A couple of weeks ago, Cotiviti Holdings went public breaking a long enterprise software and services IPO drought.  Never heard of Cotiviti?  Me neither, until the IPO.  But once I looked into Cotiviti I realized the company is involved in businesses many of you follow.

Cotiviti:  Managing Complex Invoices

Here’s how Cotiviti describes their business in their prospectus:

Cotiviti is a leading provider of analytics-driven payment accuracy solutions, focused primarily on the healthcare sector. Our integrated solutions help clients enhance payment accuracy in an increasingly complex healthcare environment. We leverage our robust technology platform, configurable analytics, proprietary information assets and expertise in healthcare reimbursement to help our clients enhance their claims payment accuracy. We help our healthcare clients identify and correct payment inaccuracies, which resulted in over $2.7 billion in savings in 2015. We work with over 40 healthcare organizations, including eight of the ten largest U.S. commercial, Medicare and Medicaid managed health plans, as well as CMS. We are also a leading provider of payment accuracy solutions to over 40 retail clients, including eight of the ten largest retailers in the United States.

In short, Cotiviti is a specialized invoice/claim audit recovery company.  That is, the company helps clients inspect the invoices/claims the clients receive and Cotiviti shares in the savings they find for their clients.  This type of solution is found in retail, healthcare, energy, telecom, freight and other complex billing areas.  I have written about this field before in a blog entitled “There’s money in them thar complex invoices“.  Like most companies in this market, Cotiviti appears to be a combination of technology and managed service.

Cotiviti describes their business model in the following two charts from their prospectus:

  • one shows the business process associated with healthcare payments and
  • the other professes to demonstrate Cotiviti’s large Total Addressable Market (TAM).

Healthcare Payment Complexity

Cotiviti Health Care

Cotiviti TAM

Cotiviti TAM

Cotiviti “Gain Share”

The most interesting aspect of the prospectus is Cotiviti discussion of its business model:

Aligned financial model that delivers measureable return.    Our financial performance is directly tied to the savings we deliver to our clients. The majority of our contracts are structured such that we receive a percentage of the savings that we help our clients achieve. We have consistently generated a high return on investment for our clients of approximately 4 to 1 as a result of our aligned financial model. The savings we deliver are incremental to our clients’ internal payment accuracy capabilities. As a result, we can provide a substantial contribution to our clients’ earnings and create strong alignment and durability in our client relationships. In 2015 and 2014, our commercial healthcare clients realized over $2.5 billion and over $2.0 billion, respectively, in savings using our solutions.

Like other companies in this general space (e.g., PRGX), the company shares in the savings it produces for its clients.  It cites two figures in this regards:

  • $2.5 Billion in client savings in 2015 and $541 million in Cotiviti revenue (hence the 4:1 savings to cost claim)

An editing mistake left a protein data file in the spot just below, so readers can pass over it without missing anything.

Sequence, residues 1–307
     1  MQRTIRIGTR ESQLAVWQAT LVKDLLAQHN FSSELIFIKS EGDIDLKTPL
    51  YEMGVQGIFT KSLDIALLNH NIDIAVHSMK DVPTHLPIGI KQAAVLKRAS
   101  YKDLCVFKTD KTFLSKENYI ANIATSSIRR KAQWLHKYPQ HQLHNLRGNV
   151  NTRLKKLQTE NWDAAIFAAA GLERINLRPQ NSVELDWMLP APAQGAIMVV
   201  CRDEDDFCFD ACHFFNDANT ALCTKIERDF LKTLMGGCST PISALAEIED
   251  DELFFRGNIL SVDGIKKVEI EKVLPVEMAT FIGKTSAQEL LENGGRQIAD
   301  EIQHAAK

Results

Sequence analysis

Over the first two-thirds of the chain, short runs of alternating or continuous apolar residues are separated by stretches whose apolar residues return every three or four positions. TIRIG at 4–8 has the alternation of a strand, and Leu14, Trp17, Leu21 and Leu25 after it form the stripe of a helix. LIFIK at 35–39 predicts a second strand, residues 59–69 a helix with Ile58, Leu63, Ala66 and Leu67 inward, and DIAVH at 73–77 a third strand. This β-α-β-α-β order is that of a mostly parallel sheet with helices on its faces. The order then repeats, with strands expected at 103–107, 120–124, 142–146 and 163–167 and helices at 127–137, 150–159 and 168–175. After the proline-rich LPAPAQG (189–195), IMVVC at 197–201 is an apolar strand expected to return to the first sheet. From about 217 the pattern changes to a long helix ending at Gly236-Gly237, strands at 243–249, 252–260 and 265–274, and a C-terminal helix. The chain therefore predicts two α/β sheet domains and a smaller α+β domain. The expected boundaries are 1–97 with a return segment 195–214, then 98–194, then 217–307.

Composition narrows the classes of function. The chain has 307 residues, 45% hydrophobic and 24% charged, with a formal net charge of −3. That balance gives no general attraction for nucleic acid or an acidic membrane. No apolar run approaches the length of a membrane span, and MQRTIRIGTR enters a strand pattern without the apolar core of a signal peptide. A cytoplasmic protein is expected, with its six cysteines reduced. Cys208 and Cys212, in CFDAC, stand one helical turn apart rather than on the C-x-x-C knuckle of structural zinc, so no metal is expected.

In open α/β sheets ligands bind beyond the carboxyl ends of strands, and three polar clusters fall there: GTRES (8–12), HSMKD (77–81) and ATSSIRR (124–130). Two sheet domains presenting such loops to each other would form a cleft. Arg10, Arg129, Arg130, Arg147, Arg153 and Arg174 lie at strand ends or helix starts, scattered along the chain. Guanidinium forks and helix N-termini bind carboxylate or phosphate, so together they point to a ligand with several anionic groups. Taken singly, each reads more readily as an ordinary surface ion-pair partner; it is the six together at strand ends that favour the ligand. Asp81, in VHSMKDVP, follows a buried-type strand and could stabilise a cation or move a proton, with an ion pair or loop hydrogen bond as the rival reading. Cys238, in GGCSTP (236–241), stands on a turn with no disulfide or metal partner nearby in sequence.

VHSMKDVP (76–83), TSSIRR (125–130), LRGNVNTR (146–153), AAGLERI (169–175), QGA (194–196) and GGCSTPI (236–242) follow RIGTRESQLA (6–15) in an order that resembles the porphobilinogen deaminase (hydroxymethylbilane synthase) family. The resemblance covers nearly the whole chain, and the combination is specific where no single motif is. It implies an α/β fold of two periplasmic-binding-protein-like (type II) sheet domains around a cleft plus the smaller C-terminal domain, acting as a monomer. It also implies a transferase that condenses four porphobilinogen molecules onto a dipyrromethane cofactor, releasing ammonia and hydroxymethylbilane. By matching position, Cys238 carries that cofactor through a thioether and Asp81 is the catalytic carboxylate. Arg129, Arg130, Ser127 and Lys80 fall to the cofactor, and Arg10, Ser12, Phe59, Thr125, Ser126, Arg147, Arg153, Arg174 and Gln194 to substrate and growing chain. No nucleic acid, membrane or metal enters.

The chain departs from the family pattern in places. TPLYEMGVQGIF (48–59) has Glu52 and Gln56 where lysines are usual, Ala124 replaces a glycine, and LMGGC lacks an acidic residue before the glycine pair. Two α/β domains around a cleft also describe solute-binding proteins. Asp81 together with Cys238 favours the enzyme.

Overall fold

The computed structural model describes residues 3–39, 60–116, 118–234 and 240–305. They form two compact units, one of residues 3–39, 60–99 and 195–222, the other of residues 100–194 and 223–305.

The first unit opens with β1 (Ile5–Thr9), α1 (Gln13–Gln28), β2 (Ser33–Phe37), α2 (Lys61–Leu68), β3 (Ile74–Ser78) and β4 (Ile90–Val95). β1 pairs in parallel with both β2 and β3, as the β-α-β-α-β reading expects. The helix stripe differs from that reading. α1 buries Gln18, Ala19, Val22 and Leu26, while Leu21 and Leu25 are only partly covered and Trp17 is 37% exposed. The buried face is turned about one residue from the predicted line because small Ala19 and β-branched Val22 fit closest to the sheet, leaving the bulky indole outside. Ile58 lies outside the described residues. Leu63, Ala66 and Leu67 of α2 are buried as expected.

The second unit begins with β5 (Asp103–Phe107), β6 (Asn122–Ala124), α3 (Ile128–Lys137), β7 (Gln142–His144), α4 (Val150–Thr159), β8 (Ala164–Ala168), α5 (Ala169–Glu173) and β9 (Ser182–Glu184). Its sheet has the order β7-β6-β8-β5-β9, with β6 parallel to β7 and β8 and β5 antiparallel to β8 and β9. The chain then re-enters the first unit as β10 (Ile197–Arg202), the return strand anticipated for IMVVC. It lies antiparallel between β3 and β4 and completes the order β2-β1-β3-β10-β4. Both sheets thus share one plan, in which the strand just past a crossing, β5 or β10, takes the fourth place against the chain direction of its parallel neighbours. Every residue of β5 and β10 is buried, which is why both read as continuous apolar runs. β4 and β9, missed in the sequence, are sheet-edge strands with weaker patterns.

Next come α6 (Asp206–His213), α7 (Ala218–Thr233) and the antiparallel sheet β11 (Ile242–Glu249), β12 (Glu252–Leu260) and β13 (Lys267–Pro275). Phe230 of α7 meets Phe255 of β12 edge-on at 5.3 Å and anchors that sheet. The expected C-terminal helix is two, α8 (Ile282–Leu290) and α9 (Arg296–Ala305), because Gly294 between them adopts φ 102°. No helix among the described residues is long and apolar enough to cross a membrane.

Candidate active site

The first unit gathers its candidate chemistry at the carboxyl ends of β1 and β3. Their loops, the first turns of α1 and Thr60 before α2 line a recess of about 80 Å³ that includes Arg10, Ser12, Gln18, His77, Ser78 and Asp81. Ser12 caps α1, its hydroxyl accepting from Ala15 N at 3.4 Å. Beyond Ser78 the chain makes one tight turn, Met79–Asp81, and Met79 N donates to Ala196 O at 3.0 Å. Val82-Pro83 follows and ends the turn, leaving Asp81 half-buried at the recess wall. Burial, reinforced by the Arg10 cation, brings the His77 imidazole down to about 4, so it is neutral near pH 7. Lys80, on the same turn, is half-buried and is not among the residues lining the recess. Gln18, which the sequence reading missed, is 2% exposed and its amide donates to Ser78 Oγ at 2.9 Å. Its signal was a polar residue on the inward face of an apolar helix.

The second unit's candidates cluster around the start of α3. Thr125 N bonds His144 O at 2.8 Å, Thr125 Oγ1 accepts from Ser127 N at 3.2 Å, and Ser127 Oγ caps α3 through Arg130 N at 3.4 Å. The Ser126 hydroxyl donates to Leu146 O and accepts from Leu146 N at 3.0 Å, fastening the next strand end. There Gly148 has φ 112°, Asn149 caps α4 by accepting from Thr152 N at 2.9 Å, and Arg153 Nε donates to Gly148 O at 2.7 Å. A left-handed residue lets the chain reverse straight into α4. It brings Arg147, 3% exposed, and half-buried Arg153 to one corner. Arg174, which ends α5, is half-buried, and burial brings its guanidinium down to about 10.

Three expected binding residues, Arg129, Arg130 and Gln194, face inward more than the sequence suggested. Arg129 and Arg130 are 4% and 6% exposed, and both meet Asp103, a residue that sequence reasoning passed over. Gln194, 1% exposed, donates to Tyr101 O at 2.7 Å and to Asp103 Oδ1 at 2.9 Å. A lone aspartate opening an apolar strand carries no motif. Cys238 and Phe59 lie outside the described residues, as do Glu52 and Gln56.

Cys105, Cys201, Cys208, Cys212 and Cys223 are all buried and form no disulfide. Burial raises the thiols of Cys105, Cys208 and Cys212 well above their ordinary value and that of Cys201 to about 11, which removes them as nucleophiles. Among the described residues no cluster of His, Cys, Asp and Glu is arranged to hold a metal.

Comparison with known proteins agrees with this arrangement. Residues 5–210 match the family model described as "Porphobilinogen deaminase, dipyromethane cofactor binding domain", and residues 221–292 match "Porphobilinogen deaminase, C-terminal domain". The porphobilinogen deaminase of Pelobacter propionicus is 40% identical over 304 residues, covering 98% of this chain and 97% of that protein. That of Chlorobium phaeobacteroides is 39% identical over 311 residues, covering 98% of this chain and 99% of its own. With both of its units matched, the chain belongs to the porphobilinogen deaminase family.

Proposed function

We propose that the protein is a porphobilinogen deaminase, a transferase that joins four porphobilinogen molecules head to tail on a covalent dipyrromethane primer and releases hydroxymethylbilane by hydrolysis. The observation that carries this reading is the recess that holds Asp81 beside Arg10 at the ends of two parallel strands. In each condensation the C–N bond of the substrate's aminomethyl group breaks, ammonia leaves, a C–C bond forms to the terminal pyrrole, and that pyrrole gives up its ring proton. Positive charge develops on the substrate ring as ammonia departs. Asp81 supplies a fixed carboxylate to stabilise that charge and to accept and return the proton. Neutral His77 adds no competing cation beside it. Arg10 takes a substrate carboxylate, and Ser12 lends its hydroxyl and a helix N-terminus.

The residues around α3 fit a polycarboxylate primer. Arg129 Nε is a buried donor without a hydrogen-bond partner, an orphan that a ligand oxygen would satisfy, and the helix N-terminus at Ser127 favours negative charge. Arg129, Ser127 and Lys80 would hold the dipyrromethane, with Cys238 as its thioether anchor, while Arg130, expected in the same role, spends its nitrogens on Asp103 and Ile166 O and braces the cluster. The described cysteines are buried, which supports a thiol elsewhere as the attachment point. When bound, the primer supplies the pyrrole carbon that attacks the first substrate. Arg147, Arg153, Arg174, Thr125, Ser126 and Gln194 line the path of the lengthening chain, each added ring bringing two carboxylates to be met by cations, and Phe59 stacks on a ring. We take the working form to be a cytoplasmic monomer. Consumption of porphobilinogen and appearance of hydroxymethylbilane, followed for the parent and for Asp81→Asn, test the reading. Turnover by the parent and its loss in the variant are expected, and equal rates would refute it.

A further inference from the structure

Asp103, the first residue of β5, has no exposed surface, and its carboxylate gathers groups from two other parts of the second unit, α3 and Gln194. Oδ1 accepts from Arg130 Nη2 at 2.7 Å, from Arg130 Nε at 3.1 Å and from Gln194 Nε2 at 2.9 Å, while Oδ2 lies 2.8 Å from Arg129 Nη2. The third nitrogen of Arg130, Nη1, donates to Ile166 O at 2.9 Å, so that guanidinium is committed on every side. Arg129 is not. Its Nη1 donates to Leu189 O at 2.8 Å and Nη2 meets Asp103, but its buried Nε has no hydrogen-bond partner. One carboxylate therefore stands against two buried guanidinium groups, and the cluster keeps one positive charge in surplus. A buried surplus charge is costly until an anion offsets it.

• $35 Billion in TAM which will generate approximately $5B in revenue

So, Cotiviti receives about 15-20% of savings generated for their clients.  Gain-share based businesses are really attractive to sell because they offer hard ROI and “pay for themselves”.  There are several issues with these businesses however:

  • Over time, automation and business process improvement tend to drive out the savings from post-hoc or, retrospective recovery, as Cotiviti calls it.  Clients will pay gain share for an issue the first time the vendor finds it, but they expect a good vendor to help find ways to keep it from recurring!  (Cotiviti also offers “prospective claims accuracy”, but it is a much smaller part of their business).
  • Clients have a lot of negotiating leverage in these contracts, after all it is the client’s spend.  Over time, clients wonder why the provider cannot quote a fixed price per document, contract, or even FTE deployed, rather than share the savings with the provider. Whether it is sourcing, supply chain finance, or a variety of other areas, gain share contracts often evolve into fixed costs contracts as the market matures–and buyers capture much of that upside.


Some PE firms love tech-enabled managed service providers.  These businesses can provide stable, recurring revenue sources. Since the healthcare market is 16% of the economy, this business is no exception.  Advent is the PE firm that assembled the companies comprising Cotiviti and its sizeable debt load.  I’m not familiar enough with the competition in the healthcare market to opine on Cotiviti as an investment.  (I do know that the historical leader in retail audit recovery, PRGX seems to have struggled.) In “gain share” markets, if the competition is strong, the buyers will eventually capture all of the savings.  The e-sourcing market is a great example.  It started as gain share, moved to traditional consulting and finally became commoditized software in 10 years.  The big winners were the buyers, the losers were suppliers and the suppliers of the software!

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